In a west London film studio, dozens of crew scurry back and forth, while as many again watch the action unfolding in front of them on the set. It’s hard to say who is doing what. “Cut!” the director calls, and there is an extra flurry of activity as the next set up is prepared.
A perusal of the day’s call sheet is an eye opener, a clue to why so many people are milling around. Directors, producers, focus pullers, runners, art directors, costume designers, hair and makeup, carpenters, a gaffer (whatever he does), all with assistants in tow. Even our stills photographer Michael has three helpers to aid his workflow. It is a big operation.
White-painted props are removed, replaced or repositioned. A huge camera on a dolly track is withdrawn, to be replaced by a weighty backpack and shoulder-mounted smaller camera for close-ups, wielded by a suitably muscular chap. The star of the show steps off his Canyon bike and sits himself down in a camping chair to flick through his phone messages while two makeup artists dab at his sweating brow and ensure not a hair is out of place. This is day two of a Zwift advertisement shoot. And the star in question is Mathieu van der Poel.
The cyclo-cross champion and rising Classics sensation with an impeccable cycling family pedigree (father 1986 Tour of Flanders champion Adri, grandfather the late Raymond Poulidor) has been signed up by the virtual training brand for their 2020 campaign.
You can hardly fail to have noticed the previous year’s ads with Geraint Thomas. Zwift bought so much airtime that every time the payoff line was heard at Rouleur Towers – “Wait, is that G?” – a collective groan would rise from the assembled Eurosport viewers in the office. But that’s the advertising game. Get under the skin. Make it memorable. Lodge the message firmly in the brain. “Zwift. Fun is fast”. Grammatical sense is secondary to a catchy slogan.
Zwift have plumped for the Dutch phenomenon as the face of their campaign this time out. It is a smart move. He’s got the looks. He’s certainly got the talent. A stunning 2019 road season ended in victory at Dwars door Vlaanderen, Amstel Gold, Brabantse Pijl, plus three stages and the overall at the Tour of Britain, all riding for Pro Conti outfit Corendon-Circus, with little support in terms of strong domestiques for their star man. He seems to do just fine without, plus what is now Alpecin-Fenix is a considerably beefed-up proposition for 2020. In cyclo-cross, without an injured Wout van Aert to battle, it was one-way traffic all season long. The Olympics in Tokyo will see Van der Poel go for mountain bike gold rather than road. There’s a very good chance he will romp home in that one too.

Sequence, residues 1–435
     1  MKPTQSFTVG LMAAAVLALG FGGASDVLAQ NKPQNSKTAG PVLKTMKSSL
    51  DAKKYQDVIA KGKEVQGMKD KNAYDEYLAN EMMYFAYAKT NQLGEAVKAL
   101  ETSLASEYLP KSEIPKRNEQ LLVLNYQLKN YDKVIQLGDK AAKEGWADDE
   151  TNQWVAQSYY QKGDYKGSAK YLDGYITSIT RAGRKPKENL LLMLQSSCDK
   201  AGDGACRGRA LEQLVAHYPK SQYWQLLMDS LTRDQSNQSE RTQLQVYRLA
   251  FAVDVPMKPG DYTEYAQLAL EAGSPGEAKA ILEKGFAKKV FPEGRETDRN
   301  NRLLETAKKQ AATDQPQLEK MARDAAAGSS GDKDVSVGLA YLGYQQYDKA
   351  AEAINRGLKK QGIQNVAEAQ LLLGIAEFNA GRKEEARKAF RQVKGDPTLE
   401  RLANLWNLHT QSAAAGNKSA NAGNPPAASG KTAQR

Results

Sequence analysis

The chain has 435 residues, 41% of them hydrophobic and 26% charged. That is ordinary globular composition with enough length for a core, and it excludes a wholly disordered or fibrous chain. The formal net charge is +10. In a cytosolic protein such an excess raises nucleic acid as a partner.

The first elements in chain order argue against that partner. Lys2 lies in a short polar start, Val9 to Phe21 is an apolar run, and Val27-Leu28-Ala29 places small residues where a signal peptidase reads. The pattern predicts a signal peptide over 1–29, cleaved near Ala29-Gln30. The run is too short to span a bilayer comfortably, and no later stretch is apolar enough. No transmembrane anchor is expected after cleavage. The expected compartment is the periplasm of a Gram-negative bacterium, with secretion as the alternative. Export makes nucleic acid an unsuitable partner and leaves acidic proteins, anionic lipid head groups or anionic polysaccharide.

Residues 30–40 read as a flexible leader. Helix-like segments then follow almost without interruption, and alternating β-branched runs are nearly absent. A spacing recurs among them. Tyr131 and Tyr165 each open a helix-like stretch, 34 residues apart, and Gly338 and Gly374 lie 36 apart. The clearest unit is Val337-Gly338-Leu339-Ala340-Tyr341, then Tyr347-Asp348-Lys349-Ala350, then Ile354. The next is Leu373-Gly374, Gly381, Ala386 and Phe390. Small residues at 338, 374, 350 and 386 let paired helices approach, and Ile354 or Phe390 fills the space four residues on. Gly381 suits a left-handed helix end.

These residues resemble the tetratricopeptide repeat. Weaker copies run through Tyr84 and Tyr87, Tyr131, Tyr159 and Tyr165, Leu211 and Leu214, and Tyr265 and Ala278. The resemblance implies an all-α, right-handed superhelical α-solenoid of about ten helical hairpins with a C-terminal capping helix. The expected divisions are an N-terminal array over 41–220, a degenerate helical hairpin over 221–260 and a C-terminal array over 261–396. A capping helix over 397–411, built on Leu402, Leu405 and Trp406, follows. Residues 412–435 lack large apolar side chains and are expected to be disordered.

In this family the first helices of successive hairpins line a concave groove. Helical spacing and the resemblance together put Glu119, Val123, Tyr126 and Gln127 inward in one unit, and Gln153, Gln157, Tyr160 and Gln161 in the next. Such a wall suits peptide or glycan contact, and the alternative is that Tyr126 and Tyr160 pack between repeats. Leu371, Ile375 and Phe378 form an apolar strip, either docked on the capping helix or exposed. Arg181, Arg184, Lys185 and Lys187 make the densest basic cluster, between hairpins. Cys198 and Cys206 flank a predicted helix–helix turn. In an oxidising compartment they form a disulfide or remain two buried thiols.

Laurent Janneau, Zwift’s VP of Brand and Communications, chaired the discussions on who would lead their new campaign: “Mathieu was identified at the moment when we started to articulate our vision around the off-road market, the other disciplines of cycling. Identifying the dream ambassador is part of the process. And he is the dream ambassador.”
How many were on that list of contenders? “It wasn’t that long, honestly. In a Zwift fashion, we said: what if we go with the top of the pile, the crème de la crème – Mathieu. We start there. We are known for our crazy ambitions and that was one of those moments. He was very interested in talking to us. He and his team have great ambitions, so it was a gathering of like-minded people.”
As we stand watching him repeatedly going through the motions atop a static trainer, conversation centres around just how right he looks on a bike. If the Zwift programmers were designing the perfect cyclist avatar to inhabit their fictional island of Watopia, Van der Poel would surely be the blueprint.